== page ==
The relationship between chronic infection in the upper respiratory tract and the development of pulmonary abscess is of great experimental interest and equal clinical importance. The recent work from Cutler's laboratory,1 demonstrating that abscesses of the lung may be caused in dogs by embolic processes, does not prove that all abscesses arise in this way. The fact that many of these lesions—such, for instance, as those following epileptiform seizures—cannot be explained on an embolic basis suggests a search for other sources of the infection and directs attention to chronic suppurations in the upper air passages.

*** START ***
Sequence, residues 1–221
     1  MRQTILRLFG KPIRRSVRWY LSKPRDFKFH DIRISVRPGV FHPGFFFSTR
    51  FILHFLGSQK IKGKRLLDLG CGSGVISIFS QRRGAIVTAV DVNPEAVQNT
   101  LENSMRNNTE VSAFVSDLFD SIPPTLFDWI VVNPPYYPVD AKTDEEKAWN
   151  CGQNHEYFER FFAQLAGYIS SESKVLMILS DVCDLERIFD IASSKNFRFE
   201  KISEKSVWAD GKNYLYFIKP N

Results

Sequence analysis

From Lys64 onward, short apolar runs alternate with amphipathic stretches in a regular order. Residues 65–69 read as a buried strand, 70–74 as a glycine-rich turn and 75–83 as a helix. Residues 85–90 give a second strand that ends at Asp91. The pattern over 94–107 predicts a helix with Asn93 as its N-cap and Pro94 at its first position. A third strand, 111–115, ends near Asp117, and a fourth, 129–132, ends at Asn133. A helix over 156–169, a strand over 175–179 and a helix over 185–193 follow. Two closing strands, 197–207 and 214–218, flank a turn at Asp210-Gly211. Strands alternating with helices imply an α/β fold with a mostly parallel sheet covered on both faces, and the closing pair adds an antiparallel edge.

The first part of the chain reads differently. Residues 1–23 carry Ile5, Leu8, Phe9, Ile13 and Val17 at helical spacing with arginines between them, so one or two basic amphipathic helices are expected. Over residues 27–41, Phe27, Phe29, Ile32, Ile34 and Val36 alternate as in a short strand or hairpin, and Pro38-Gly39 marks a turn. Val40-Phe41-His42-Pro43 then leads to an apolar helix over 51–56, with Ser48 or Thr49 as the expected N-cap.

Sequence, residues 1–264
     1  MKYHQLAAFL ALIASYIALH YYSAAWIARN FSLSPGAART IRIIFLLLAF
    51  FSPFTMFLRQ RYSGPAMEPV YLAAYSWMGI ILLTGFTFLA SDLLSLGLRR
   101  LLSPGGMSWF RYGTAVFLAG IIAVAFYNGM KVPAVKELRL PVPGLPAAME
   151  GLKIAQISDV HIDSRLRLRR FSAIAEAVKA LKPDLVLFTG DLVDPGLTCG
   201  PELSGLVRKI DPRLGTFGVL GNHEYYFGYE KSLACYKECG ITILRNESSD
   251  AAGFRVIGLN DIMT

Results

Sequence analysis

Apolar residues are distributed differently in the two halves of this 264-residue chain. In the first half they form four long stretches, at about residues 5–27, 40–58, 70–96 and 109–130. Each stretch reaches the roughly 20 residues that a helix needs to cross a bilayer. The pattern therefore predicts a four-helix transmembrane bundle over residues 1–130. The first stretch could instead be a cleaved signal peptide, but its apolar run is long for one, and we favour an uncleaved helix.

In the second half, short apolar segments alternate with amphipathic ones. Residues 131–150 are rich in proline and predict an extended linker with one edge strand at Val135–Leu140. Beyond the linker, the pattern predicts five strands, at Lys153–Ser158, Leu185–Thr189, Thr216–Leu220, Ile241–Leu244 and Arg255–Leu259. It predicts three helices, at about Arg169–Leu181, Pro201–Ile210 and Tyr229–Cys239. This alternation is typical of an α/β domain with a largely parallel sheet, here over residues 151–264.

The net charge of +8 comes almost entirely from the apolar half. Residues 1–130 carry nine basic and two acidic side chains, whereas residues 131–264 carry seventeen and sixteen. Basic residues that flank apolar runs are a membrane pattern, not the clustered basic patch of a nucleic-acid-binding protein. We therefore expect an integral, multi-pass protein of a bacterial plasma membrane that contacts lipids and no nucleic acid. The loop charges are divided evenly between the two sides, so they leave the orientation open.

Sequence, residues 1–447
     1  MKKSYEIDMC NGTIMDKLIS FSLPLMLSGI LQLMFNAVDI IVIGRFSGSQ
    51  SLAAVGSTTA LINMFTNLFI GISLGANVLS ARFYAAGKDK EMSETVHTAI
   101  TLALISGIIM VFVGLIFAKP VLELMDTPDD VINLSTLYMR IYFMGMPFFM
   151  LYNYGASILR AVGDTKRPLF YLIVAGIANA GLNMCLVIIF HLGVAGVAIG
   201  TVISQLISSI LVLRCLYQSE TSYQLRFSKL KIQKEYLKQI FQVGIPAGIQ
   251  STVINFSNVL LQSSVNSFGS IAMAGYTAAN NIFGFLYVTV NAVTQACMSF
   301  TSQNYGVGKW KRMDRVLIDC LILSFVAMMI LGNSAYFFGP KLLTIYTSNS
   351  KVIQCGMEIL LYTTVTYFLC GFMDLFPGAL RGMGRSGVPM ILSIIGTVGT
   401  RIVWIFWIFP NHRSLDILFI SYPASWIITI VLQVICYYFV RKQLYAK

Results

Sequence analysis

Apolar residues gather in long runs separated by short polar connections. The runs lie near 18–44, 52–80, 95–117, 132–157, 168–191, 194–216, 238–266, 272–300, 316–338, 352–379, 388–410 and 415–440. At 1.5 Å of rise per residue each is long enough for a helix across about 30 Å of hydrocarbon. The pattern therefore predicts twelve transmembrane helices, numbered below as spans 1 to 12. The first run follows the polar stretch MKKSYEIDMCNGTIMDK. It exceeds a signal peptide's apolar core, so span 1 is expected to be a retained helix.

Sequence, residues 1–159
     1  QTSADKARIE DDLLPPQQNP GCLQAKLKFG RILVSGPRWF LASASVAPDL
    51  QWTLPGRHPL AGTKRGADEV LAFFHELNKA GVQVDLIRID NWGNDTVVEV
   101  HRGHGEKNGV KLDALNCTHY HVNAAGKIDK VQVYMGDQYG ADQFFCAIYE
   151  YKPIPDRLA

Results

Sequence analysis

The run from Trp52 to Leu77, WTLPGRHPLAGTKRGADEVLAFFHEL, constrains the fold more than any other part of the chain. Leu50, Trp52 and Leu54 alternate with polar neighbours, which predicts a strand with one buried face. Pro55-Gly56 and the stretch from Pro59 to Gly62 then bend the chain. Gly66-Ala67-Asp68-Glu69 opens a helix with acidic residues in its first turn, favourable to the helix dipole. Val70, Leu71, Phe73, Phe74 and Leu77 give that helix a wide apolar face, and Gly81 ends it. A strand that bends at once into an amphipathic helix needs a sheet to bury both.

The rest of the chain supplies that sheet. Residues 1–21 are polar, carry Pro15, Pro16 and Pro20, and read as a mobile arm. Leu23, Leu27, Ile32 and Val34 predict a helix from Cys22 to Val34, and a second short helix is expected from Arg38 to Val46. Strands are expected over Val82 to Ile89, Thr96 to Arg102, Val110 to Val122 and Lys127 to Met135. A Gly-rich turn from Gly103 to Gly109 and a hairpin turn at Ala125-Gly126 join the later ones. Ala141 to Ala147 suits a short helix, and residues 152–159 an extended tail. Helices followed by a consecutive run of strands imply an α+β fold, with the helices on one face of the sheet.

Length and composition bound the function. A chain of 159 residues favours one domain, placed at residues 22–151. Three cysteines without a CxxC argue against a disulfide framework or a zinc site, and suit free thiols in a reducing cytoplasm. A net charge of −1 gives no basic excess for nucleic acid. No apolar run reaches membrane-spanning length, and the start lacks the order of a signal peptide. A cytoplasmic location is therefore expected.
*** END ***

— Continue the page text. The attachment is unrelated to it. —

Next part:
In 1923, Kline2 injected material, removed from the mouth and teeth of a man who had died of pulmonary gangrene, into the trachea of rabbits, and obtained small localized areas of pulmonary "gangrene." In 1927, Smith3 reported the development of pulmonary abscesses in mice and rabbits after the introduction into the trachea